Asia

siren eun young jung
Lyrics 1,2,3

Lyrics 1,2,3 is part of the Yeosung Gukgeuk series. The work closely follows first and second generations of Yeosung Gukgeuk actresses, who later became an important source of inspiration for the artist.  Formally, this genre of theatre draws from Westernized aspects of traditional Korean music performance as well as from adaptations of pansori, a Korean genre of musical storytelling, to create what could be called a staged version of traditional Korean opera. Yeosung gukgeuk was widely popular in the 1950s before and after the Korean War. Yet, though yeosung gukgeuk met considerable success, it gradually lost momentum after the 1960s. Today yeosung gukgeuk is almost extinct alive because it’s not being taught or invested in. Siren eun young jung’s  video work, Lyrics 1,2,3 analyzes and reassembles images of the interiors and exteriors of the stages that were once occupied by first and second generation female Gukgeuk actresses So-ja Lee, Young-suk Cho, and Deung-woo Lee. Widely known as gadaggi, a villainous supporting role, sammai, a skilled person’s supporting role, and nimai, a leading role, these outstanding actresses playing male characters are seen getting ready offstage for their onstage performance. The work highlights their affection for the stage by focusing on their daily activities offstage, wandering through landscapes, discovering object, remembering past moments, acting, and singing.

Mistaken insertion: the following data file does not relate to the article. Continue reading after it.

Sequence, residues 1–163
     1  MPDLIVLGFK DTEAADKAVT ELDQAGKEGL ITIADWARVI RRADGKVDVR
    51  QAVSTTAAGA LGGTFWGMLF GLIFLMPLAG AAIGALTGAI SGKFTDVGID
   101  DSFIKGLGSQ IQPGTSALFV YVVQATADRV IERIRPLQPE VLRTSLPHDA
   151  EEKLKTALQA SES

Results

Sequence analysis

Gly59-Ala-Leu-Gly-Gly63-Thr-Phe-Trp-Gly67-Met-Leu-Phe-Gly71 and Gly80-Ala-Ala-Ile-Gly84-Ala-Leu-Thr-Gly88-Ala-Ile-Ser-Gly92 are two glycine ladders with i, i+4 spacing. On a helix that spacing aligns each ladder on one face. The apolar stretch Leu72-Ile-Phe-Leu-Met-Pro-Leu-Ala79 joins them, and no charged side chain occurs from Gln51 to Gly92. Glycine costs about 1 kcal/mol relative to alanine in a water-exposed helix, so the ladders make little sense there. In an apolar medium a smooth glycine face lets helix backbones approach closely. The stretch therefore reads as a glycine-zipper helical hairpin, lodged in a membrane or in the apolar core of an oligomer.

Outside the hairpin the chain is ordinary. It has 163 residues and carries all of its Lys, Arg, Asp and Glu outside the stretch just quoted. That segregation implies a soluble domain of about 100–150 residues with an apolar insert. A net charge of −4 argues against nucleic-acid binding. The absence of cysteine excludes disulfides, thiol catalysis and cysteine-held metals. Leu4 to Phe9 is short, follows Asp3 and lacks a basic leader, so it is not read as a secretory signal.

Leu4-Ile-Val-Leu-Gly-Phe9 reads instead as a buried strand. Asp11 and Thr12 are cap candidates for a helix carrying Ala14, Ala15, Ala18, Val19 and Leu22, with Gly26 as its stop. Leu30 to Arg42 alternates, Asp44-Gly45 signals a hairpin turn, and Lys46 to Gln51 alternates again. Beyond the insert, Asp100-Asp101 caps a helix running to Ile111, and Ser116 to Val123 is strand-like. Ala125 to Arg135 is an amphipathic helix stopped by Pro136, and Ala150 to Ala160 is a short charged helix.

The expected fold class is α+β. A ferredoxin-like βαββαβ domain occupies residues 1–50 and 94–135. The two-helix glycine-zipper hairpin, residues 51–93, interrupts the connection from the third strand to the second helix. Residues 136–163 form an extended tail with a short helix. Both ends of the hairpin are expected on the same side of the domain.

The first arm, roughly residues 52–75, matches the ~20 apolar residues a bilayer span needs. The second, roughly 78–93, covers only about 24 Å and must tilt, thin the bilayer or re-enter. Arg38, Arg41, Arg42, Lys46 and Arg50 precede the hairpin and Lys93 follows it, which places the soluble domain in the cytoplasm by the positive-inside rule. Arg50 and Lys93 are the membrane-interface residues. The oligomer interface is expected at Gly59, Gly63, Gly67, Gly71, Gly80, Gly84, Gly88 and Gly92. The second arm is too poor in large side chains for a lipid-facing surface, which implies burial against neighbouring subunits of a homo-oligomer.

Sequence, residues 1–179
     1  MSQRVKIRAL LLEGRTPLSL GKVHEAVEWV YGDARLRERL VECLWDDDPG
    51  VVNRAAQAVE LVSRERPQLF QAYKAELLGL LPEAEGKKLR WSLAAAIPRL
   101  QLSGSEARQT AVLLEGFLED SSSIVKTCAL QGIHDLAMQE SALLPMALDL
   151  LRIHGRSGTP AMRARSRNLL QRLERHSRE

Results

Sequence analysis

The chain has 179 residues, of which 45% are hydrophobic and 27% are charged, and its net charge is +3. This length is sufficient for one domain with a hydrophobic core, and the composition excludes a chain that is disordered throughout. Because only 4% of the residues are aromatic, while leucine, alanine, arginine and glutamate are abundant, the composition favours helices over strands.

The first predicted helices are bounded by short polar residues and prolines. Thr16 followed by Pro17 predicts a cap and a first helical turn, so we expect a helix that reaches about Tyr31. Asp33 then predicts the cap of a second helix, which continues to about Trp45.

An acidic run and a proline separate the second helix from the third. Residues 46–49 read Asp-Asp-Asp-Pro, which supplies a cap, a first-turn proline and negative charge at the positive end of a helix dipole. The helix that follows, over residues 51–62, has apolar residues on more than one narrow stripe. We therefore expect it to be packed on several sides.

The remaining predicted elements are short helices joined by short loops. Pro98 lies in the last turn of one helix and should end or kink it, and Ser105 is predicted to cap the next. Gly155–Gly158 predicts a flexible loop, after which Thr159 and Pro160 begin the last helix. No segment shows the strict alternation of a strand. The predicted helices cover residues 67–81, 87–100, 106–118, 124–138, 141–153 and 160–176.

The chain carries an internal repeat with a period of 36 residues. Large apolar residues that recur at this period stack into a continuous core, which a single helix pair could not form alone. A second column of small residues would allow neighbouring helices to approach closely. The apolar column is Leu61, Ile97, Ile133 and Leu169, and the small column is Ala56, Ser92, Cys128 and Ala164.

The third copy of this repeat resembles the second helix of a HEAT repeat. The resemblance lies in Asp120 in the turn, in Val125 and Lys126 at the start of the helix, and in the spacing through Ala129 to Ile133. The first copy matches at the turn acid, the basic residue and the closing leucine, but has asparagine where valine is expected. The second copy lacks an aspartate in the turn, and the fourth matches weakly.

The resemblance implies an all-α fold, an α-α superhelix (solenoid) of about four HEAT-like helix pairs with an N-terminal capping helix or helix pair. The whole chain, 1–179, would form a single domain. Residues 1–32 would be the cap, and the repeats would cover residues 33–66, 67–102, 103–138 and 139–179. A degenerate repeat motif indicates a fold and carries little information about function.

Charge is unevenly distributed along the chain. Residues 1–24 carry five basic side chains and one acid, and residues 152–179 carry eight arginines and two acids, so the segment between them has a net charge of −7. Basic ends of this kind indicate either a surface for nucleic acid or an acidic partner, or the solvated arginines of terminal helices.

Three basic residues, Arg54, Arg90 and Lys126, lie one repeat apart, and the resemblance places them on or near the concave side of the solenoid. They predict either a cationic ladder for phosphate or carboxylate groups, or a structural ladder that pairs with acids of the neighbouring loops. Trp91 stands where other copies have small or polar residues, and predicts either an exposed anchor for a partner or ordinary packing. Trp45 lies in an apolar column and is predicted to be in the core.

With a practice deeply engaged with feminism and LGBT rights issues, siren eun young jung reveals the subversive power of traditional culture, one unknown in Korean modernization period, and provides unique perspectives and documentation of important communities. Through her long-term research projects bridging different generations of women, she keenly addresses questions of gender as a norm of “becoming.” Her early works have examined the struggles of a younger generation of women against androcentrism and violent patriarchy. Her subsequent projects have addressed issues surrounding environment change, human rights, activism, and homosexual rights. Her pivotal work Yeosung Gukguek Project (2008–) engages the existing queer community in South Korea by focusing on Yeosung Gukguek, an all female traditional theatre genre existing since the 1950s, after the Korean War. The ongoing project tells an empowering story of gender-becoming in the mid 20th century. Unveiling traditional yet subversive narratives that existed during the transitional period of a country moving towards a modern society and challenging the myth of Korean “andro-modernization” achieved by a rapid masculinism of national development.